Now that voters in the United Kingdom have voted to leave the EU, the common market will soon no longer include the U.K.’s $2.8 trillion economy. And without that, the EU will no longer rival the U.S. in size for the foreseeable future.

    Le Brexit-brexit_gdp.jpg
    THE WALL STREET JOURNAL

    The International Monetary Fund‘s estimates and forecasts of gross domestic product , issued in its April World Economic Outlook, tell the story. The size of the economy of the European Union surpassed the U.S. decisively in 2004, when it expanded to add 10 additional nations in Eastern Europe, including Poland, the Czech Republic and Hungary. By 2008, the economy of the European Union was $5 trillion bigger than the U.S., according to the IMF’s data.

    Then Europe struggled to recover from the global financial crisis, and many members of the EU, including Greece, Italy, Ireland and Spain, found themselves embroiled in fiscal crisis. The U.S., by contrast, rebounded more quickly. The U.S. dollar strengthened, meaning the U.S. also gained, relative to the EU, because of the exchange rate. In short, the U.S. was already poised to overtake the EU.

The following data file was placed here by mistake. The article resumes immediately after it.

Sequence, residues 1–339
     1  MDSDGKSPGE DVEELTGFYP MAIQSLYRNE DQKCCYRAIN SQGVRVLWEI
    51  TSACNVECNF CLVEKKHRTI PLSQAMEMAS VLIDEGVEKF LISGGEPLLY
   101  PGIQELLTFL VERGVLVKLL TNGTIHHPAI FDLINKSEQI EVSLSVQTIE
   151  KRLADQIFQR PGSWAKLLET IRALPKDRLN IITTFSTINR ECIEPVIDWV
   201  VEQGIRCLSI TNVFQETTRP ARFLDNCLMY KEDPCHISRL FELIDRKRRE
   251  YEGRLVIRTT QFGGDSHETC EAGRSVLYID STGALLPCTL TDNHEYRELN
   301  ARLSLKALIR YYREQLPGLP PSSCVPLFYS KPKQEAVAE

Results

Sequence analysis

Without the U.K., the EU will fall even more decisively behind. That’s before taking into account any economic damage that could result to the U.K. and the EU from the potentially messy divorce. The IMF’s April report — which didn’t assume Brexit would happen — forecast the U.S. economy would grow to about $18.6 trillion in 2016. The EU countries without the U.K. were forecast to be just $13.7 trillion.

    The diminished EU will also be overtaken by China by the end of the decade. With the U.K. still a member, the EU would have remained larger into at least the 2020s. Adding some insult to injury, the U.K. will be passed by India around the end of the decade as well.

    [...]

    Now the most interesting question will be what happens to the U.K going forward. The largest remaining constituent economies of the EU are Germany, France and Italy. Germany is the largest. The U.K. is larger than France by some measures, but not others. A Brexit-caused recession could push it behind France on every measure. If the recession is severe enough, the U.K. could potentially fall behind Italy by every measure, too.